Russian President-elect Vladimir Putin’s foreign policy pronouncements during the recent presidential electoral campaign were virulently anti-Western. Can we expect changes now?
Well, if you make the assumption that what he said was solely for domestic consumption and intended to win him votes in the election, yes, now is the time to anticipate a softer line. The truth of the matter though is that what we heard in the election is quintessential Putin. Yes, the presentation might be less rough but the content will be little changed.
He has a very black and white understanding of the world. He really does seem to believe that Russia is surrounded by enemies and that the opposition are working for the West - jackals scavenging near Western embassies. He sees strength in terms of force - so expect him to try to revamp Russia’s armed forces, expect him to continue to be tough on what Russia calls its near abroad, and expect him to resent any Western encouragement of democratisation in Russia.
For a while it seemed that Russia and the US might find common language on Iran - is it likely that Putin will seek to recalibrate Russian policy towards Iran to bring it closer to the Western approach?
It looks highly unlikely at this stage, not least, it has to be said because Moscow is genuinely unconvinced by the argument that Iran wants to develop a nuclear weapon. Russia has more reason than most to fear a nuclear Iran. But it is also very happy to stand on the sidelines while the West gets drawn into a costly battle of wills with Tehran. It condemns sanctions and wins applause from Iran and China - but it also benefits from the sanctions because the price of oil is going steadily up - and a high oil price is all that is keeping the Russian economy and Putin afloat.
And what about Syria? There seem to be some in the US who think that now the election is over, Putin can be persuaded to support a resolution against Syria in the United Nations Security Council.
To believe this demands a certain amount of credulity - to imagine for instance that elections in Russia are like elections in the United States. Putin did not need to resist the rest of the world on Syria to win the election. It was guaranteed anyway. Putin will not support a resolution on Syria because support for the Assad regime is the keystone of Russian foreign policy in the Middle East. If Russia loses Assad, it will also lose its only ally in the Middle East and its naval port at Tartus. So, no, Russian foreign policy towards Syria is very unlikely to change. But the consequence of that is that Russia faces potential political annihilation in the Middle East.
Are we set then for more confrontation with Russia?
Well, Russia is now about to join the World Trade Organisation and Western, including US, investment in Russia may increase again now that the elections are over. Russia appears relatively stable and the potential for development is still enormous. So there is potential for rapprochement. But Putin is set on massive rearmament - $700 billion over the next decade. If the oil price continues to rise to around $130 a barrel or so, Russia might just about be able to sustain this - in which case Putin will be encouraged to adopt an assertive nationalist posture towards the outside world. On the other hand, if the price of oil falls and Putin finds himself unable to meet the promises he has made to the Russian people - infrastructure, pensions, healthcare and education - we can also expect him to fall back on nationalism as his defence of last resort. In short, there is nothing much to look forward to in Russian foreign policy.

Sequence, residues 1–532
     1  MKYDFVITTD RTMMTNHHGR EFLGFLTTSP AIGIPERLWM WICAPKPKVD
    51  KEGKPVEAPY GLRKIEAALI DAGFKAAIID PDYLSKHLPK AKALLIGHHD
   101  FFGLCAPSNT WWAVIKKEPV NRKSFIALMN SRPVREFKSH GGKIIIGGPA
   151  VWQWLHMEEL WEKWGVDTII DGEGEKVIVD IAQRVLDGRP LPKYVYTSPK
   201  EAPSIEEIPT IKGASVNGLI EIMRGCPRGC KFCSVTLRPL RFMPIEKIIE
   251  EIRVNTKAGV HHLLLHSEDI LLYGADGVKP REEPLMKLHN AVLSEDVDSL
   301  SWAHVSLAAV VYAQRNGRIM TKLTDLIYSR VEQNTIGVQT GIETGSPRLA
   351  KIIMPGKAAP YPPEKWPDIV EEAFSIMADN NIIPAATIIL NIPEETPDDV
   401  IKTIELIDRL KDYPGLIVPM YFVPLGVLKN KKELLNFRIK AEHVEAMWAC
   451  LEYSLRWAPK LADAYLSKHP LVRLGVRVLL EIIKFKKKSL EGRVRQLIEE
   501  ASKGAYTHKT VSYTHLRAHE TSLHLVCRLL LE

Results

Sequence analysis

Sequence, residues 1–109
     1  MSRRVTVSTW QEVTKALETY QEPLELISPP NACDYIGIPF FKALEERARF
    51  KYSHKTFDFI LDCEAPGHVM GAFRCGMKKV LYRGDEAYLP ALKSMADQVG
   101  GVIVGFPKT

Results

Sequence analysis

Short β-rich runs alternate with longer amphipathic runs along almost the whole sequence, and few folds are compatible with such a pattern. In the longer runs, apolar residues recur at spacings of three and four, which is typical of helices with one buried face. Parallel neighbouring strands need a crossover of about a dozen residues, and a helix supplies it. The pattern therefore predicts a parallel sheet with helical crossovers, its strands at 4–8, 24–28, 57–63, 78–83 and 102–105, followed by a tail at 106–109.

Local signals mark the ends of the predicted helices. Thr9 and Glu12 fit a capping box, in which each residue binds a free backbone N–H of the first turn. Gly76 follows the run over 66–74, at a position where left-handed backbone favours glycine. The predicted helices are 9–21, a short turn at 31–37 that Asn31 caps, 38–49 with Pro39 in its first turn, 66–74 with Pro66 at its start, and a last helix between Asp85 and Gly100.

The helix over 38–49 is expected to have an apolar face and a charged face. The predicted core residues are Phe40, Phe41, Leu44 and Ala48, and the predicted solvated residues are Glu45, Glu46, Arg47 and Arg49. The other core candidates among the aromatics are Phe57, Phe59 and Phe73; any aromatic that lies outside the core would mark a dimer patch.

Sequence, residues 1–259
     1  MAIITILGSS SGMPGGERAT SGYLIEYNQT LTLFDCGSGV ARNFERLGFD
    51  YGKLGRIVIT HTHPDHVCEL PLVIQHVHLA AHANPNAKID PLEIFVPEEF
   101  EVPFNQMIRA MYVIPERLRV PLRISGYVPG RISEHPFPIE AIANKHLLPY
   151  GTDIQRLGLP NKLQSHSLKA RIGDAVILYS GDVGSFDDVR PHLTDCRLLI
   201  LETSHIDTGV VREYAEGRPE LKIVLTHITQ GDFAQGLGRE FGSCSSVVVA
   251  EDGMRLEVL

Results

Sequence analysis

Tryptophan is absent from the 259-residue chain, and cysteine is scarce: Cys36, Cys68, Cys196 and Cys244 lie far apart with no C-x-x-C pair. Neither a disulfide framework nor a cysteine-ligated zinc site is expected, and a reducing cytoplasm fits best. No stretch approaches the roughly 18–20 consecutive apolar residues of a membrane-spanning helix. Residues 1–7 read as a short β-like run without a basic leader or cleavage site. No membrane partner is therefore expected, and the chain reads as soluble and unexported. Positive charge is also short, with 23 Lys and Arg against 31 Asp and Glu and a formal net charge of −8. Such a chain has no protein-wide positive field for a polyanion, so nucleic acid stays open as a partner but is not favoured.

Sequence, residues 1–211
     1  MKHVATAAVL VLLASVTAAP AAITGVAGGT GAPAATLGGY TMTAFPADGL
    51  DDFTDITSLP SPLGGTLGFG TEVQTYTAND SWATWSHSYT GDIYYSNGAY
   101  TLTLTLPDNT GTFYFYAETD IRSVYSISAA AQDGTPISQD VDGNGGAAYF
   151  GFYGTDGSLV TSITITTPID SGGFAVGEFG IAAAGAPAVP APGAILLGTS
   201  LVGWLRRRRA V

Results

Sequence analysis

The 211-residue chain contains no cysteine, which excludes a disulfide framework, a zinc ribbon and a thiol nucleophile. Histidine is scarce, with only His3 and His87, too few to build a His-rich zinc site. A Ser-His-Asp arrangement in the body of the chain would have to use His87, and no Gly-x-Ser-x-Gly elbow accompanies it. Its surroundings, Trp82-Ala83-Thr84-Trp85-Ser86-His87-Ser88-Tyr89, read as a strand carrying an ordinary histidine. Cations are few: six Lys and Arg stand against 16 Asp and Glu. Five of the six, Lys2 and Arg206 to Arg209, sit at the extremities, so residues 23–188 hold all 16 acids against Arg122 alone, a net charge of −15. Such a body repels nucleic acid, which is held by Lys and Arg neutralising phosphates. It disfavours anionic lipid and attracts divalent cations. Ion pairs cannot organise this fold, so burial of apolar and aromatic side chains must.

Is there anything the West, and in particular the United States, can do to win over Putin?
Well, the diplomatic reset sought at the start of the Obama administration simply hasn’t produced dividends - and there is nothing to suggest that it ever will. Putin is seething with resentment over what he regards as Western duplicity in Libya. Putin feels Russia was suckered into agreeing to the no-fly zone idea. It’s made him resistant to deals elsewhere - like Syria for instance.
It should be transparently obvious by now too that Moscow is not going to give any ground on the US missile defence plans, however strong the US argument that the shield could never be effective against Russian missiles.
So, the US will perhaps need to recalibrate its foreign policy towards Russia. Will it become more assertive in support of human rights in Russia? Will it provide more forthright support for states that border Russia, like Georgia, as long as they continue to make progress on reform and democratisation? We probably won’t see significant change in this election year, but patience with Russia appears to be running out in the United States and regardless of whether the next president is Barack Obama or a Republican, the Washington line looks set to toughen.